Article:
Shake, open, sweep, flip, peel, replace, close. These are the motions, the iterations and reiterations, of a woman at work in a small handmade paper factory. Each piece of paper—shake, open, sweep, flip, peel, replace, close. A tight mesh is placed in a wooden frame and sunk into a murky bath. Shake. She rocks the frame back and forth, dispersing a thin mixture of pulp and water across the weave. Open. In a single smooth motion, the woman hoists the frame from the tub, unclasping and raising the top aggressively so it bounces on the taut rope suspending the contraption above its yellow sea. Sweep. She slides her hand along the pulpy side, deftly flinging the excess back to its watery origins. Flip. Peel. Lifted and inverted onto a tall white stack—the product of two hundred identical motions–the screen is carefully lifted by one edge. Replace. Close. Satisfied, the woman whips the rest away and turns back to the tub, clipping the screen in place and giving the rope a sharp yank to snap the frame shut.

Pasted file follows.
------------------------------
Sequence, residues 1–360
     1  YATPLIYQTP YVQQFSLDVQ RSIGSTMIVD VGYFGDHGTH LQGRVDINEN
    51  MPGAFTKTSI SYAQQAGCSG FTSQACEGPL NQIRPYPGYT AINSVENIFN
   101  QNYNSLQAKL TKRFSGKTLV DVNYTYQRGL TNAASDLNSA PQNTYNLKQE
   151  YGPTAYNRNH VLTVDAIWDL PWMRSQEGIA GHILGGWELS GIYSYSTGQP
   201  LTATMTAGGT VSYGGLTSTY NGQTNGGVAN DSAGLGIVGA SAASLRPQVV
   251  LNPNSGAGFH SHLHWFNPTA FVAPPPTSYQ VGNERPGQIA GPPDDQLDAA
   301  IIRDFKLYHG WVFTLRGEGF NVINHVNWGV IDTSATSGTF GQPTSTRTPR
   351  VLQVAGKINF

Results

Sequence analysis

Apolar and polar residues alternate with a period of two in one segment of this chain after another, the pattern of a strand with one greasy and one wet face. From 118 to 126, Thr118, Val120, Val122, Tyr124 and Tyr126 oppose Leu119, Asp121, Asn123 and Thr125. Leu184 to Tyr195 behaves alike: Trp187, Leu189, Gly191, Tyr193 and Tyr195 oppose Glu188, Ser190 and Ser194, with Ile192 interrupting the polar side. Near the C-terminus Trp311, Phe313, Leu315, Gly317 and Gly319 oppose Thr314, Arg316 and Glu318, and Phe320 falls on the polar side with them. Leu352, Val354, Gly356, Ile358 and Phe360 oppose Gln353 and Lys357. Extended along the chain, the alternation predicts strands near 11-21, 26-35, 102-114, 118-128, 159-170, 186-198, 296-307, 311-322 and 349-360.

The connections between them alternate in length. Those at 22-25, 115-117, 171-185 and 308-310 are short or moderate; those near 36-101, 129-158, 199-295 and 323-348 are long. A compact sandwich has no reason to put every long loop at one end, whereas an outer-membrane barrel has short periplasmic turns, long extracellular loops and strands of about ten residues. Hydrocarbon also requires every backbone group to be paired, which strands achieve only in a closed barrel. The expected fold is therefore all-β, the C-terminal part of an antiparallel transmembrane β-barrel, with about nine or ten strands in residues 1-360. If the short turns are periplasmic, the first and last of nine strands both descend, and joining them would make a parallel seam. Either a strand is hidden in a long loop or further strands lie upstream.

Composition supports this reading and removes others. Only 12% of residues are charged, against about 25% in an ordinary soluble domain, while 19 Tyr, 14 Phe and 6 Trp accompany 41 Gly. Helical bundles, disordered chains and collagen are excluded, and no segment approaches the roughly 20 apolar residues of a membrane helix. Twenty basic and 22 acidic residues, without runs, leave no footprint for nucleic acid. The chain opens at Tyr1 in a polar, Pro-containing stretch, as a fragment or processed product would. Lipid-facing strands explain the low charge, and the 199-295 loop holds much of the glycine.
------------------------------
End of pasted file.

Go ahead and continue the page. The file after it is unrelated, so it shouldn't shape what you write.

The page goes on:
“Factory” sounds inhuman but this familiarity is more precisely mechanized than hydraulics and steel could ever be. From the grannies stripping bark into usable filaments to the girl adding the strings to a roiling, pungent cauldron to the man who plucks individual sheets from a pressed stack and brushes them onto a metal plate that warns our curious hands with its radiating heat. He grabs the finished leaves as they fade from yellow to white, not smooth and flat like the mist around a mountain peak but mimicking the yellow-spotted, textured surface of a glass of sour yogurt.
I’m writing this in a journal filled with water resistant pages—the result of craftspeople like these and each innovator after them. Ironic, though, that you will read this as an intangible, paperless thought, existing only when your eyes can see it. In some respects, my handwriting is the Thimpu paper craft to your efficient thought factory.